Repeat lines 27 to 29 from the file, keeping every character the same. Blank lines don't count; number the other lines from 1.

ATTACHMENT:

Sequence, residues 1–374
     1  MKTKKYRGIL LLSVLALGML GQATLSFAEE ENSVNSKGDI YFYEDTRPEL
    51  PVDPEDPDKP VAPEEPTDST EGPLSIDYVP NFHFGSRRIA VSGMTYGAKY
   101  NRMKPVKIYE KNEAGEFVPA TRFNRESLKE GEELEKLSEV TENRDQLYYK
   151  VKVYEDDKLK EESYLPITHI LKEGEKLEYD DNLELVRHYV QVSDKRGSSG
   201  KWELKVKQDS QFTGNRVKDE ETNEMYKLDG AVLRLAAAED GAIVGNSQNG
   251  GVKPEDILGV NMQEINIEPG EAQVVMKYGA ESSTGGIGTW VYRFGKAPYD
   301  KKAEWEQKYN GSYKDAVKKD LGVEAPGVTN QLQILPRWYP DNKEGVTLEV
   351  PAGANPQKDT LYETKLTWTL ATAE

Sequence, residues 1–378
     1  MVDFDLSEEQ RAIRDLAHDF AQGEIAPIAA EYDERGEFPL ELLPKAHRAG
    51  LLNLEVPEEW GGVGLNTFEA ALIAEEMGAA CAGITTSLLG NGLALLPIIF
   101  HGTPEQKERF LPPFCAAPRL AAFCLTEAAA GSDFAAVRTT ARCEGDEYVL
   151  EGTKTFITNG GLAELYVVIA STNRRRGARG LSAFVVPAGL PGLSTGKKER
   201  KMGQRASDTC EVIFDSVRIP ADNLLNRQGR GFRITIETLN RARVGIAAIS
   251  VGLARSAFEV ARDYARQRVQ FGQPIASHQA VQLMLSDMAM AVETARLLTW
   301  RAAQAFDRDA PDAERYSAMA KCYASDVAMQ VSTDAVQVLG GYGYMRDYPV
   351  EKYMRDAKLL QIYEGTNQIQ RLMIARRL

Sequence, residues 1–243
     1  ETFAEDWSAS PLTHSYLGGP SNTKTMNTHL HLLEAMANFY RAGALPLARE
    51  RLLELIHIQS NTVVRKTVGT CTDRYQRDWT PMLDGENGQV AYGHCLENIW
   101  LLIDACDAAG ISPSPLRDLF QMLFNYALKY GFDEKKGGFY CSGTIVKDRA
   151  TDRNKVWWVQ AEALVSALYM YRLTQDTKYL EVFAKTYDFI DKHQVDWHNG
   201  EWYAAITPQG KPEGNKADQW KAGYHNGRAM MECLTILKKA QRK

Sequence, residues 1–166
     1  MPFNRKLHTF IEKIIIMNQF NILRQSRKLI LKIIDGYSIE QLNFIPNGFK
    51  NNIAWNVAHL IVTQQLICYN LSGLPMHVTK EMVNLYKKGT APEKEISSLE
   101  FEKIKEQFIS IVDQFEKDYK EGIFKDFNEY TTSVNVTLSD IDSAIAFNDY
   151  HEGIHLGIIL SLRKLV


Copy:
    51  NNIAWNVAHL IVTQQLICYN LSGLPMHVTK EMVNLYKKGT APEKEISSLE
   101  FEKIKEQFIS IVDQFEKDYK EGIFKDFNEY TTSVNVTLSD IDSAIAFNDY
   151  HEGIHLGIIL SLRKLV